Villa Acton-Pignatelli, Via Chiaia, Naples, Italy
By 1820, The sons of Mayer Amschel Rothschild (1744-1812) had established business operations in London, Paris and Vienna. In March 1821, in support of King Ferdinand I of the Two Sicilies, the Austrian army entered the Sicilian Kingdom and occupied Naples. This event created new business opportunities, and Carl Mayer von Rothschild (1788-1855) was sent to Naples in 1821, where he established C M de Rothschild & Figli to operate as a satellite office of the family business in Frankfurt.
The Villa Acton-Pignatelli
Carl bought the Villa Acton-Pignatelli in 1841 and moved into it the following year. The villa had originally been built by Pietro Valente in 1826 for the English minister Sir Ferdinand (Richard) Edward Dalberg-Acton, 7th Baronet (1801-1837). He was born in Palermo where his father, Sir John Acton, 6th Baronet, a former Prime Minister of Naples, had been forced to flee in 1806. The neo-classical villa formed the centrepiece of a park, set in full view of the river Chiaia, surrounded by beautiful countryside.
Carl added two floors to house clerks and staff, and the villa became the centre of his business operations as well as the family residence. It was from this base that Carl and his wife, Adelheid (1800-1853), entertained distinguished guests, including Queen Victoria's favourite uncle, Leopold of Saxe-Coburg, who was to become King of the Belgians. C M de Rothschild & Figli became the dominant banking house in Naples, arranging substantial loans to the Papal States, the Kings of Naples, the Duchy of Parma and the Grand Duchy of Tuscany. However, in the 1830s, Naples followed Spain with a gradual shift away from conventional bond issues that began to affect the bank's growth and profitability.
The year 1855 was one of considerable change for the Rothschild family with the death of the heads of both the Naples and German branches. Of Carl's three sons, Mayer Carl (1820-1866) and Wilhelm Carl (1828-1901), succeeded their childless uncle Amschel Mayer von Rothschild (1773-1855) in Frankfurt while Carl's son Adolphe Carl (1823-1900) reluctantly agreed to run the Naples branch. The end of the Naples branch began when revolution broke out and Giuseppe Garibaldi captured Naples on September 7, 1860 and set up a provisional government. Because of the family's close political connections with Austria and France, the business was caught in a delicate position. Adolphe took temporary sanctuary in Gaeta with the Bourbon king Francis II of the Two Sicilies but the Rothschild houses in London, Paris, and Vienna were not prepared to financially support the deposed king. With the ensuing unification of Italy, after forty-two years in business the Naples house closed in 1863.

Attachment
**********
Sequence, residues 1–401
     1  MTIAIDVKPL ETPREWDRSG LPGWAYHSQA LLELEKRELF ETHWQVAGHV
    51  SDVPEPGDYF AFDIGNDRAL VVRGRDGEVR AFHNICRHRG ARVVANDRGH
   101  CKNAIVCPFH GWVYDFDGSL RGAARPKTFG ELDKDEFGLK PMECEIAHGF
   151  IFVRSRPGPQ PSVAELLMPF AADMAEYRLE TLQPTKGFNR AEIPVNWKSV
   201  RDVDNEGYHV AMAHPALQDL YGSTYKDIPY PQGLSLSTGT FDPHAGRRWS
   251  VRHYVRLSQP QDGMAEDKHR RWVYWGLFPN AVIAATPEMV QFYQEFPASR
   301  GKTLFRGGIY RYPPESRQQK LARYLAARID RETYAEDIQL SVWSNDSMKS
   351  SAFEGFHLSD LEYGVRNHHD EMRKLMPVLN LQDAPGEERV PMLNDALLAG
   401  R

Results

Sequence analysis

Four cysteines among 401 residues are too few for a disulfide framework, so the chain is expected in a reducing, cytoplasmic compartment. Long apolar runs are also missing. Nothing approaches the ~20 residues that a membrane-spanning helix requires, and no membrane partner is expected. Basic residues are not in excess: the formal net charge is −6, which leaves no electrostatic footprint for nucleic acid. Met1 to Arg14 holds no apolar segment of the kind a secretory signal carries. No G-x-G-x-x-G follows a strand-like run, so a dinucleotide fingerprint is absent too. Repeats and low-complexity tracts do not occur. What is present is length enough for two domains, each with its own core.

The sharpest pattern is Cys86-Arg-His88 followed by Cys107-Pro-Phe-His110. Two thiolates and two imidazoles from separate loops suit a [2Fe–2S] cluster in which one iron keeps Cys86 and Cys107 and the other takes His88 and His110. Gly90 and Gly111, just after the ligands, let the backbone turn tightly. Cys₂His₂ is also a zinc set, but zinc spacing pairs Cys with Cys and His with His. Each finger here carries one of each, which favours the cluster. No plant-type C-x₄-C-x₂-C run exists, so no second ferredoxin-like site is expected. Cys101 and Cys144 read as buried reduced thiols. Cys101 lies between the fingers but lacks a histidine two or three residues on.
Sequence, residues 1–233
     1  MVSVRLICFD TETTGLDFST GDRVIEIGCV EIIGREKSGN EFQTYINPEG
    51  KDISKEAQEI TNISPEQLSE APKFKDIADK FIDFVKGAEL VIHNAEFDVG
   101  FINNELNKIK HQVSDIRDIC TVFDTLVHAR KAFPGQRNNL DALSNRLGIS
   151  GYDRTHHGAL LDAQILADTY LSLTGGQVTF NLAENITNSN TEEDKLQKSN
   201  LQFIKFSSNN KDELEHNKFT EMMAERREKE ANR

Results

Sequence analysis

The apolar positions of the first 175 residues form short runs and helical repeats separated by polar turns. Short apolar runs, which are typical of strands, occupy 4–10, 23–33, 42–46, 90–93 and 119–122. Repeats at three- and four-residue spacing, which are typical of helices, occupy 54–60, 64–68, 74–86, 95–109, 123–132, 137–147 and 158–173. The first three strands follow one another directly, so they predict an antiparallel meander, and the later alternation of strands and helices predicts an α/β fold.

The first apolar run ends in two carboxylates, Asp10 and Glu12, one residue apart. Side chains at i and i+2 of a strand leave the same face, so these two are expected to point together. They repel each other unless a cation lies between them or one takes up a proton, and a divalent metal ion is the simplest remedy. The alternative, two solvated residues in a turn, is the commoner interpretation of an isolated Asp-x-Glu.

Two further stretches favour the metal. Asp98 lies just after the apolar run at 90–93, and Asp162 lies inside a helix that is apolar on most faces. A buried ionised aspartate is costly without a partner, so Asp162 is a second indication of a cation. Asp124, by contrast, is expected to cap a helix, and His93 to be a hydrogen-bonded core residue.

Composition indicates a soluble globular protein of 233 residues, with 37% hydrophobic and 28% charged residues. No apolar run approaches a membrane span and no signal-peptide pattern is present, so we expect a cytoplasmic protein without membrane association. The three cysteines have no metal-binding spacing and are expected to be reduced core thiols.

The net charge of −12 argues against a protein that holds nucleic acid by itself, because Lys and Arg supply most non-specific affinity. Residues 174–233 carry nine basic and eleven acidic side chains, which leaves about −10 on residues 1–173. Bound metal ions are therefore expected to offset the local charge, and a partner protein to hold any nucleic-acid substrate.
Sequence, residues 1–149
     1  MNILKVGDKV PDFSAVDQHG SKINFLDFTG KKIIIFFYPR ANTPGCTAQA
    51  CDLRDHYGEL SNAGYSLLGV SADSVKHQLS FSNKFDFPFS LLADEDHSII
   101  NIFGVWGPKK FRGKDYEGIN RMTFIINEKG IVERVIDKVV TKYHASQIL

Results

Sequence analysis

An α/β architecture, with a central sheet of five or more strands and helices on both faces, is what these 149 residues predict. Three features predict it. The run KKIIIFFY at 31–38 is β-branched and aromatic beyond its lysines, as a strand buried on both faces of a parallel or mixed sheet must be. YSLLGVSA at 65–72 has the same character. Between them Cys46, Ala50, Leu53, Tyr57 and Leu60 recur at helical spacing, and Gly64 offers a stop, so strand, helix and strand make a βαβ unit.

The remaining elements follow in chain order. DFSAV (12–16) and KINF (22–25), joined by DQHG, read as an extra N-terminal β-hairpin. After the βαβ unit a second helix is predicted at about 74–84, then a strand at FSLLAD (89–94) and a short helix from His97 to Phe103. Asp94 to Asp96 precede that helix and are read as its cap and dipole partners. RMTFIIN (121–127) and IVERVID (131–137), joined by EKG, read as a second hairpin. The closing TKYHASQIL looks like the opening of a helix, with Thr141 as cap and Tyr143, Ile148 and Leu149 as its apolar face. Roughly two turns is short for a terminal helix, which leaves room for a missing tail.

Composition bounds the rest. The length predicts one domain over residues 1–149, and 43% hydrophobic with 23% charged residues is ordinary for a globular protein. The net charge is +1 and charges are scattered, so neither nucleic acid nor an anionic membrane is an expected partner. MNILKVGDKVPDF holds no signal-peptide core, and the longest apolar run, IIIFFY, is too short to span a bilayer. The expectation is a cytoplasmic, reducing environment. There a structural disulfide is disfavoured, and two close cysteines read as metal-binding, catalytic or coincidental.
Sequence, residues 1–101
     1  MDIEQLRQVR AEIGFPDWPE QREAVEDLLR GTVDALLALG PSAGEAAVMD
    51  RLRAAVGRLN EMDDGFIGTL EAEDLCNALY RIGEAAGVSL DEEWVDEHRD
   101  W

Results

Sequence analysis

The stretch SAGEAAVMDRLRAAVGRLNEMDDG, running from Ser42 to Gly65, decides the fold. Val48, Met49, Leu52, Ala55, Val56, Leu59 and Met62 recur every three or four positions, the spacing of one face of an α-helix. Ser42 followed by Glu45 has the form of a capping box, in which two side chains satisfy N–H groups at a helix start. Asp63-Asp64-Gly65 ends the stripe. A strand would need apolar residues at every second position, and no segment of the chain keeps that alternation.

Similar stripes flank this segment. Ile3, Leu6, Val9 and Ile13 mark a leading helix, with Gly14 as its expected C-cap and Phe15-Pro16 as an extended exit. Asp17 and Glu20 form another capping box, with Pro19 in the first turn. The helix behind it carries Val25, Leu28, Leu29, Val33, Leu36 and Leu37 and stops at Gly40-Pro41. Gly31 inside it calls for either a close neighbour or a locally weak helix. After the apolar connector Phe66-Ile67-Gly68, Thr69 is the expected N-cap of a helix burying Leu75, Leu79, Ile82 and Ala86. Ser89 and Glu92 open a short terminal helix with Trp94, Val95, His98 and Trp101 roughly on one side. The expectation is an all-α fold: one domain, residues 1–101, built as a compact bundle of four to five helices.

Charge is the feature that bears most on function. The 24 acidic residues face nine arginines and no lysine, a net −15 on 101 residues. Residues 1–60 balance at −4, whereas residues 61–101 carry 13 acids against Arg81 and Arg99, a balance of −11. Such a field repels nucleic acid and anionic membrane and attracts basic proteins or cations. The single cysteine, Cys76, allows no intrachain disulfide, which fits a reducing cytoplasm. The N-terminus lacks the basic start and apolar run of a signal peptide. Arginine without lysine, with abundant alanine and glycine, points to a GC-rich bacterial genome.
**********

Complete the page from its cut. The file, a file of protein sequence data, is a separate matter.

The villa after the Rothschilds
When the Rothschilds left Naples in 1861, Adolphe Carl sold the villa to the Duke of Monteleone, Don Diego Pignatelli Cortes, with the exception of the two added floors; these remained in the Rothschild family's possession for another ten years. The villa was used by the Jewish community as an oratory until 1867.
The villa passed by descent to Prince Diego Aragona Pignatelli Cortes and his wife Princess Rosina Pignatelli; the couple inheriting the property from the Prince’s uncle. When they took up residency in the villa in 1897, Princess Rosina wasted no time putting her own stamp on her new home. Rosina’s design aesthetic reflected the times and each room on the ground floor was furnished and adorned in an eclectic mix of opulent decorative styles, and filled with the finest art, furnishings, and objects d’art including silverware, bronze statues, French candelabras and clocks, and an eclectic collection of porcelain from around the world. As the wife of the Prince, the daughter of the Duke of Amalfi and lady-in-waiting to Queen Margherita, the villa played host to many society engagements.
Once one of largest cities in Europe and one of its most prosperous, Naples had sunk into a decline of poverty, unemployment, overcrowding and crime after Unification and the ravages of the Second World War. In 1952, Princess Rosina donated the villa and much of its contents to the Italian State for use as a Museum in memory of her husband, as long as "no object could be extracted to become part of other collections", and today the estate includes the couple’s Villa, it’s grounds, and all of the furnishings, decorations, and art ‘in-situ’. The Red Lounge or Louis XIV Room is the only room that preserves the decorations commissioned by Carl Mayer von Rothschild in the 1850s. The floor is terracotta painted with faux marble, while the walls are covered with a red damask upholstery that alternates with large mirrors and gilded and carved fixtures by the hand of the designer Giuseppe de Paola. On the ceiling there is a canvas depicting the Allegory of Architecture by Francesco Oliva (1807-1861), an artist from the Academy of Fine Arts and a court artist who worked on the noble and royal residences of Naples.
In 1960 the villa was acquired by the town of Naples. It is now the museum, Il Museo Principe Diego Aragona Pignatelli Cortes.Return to Estates listing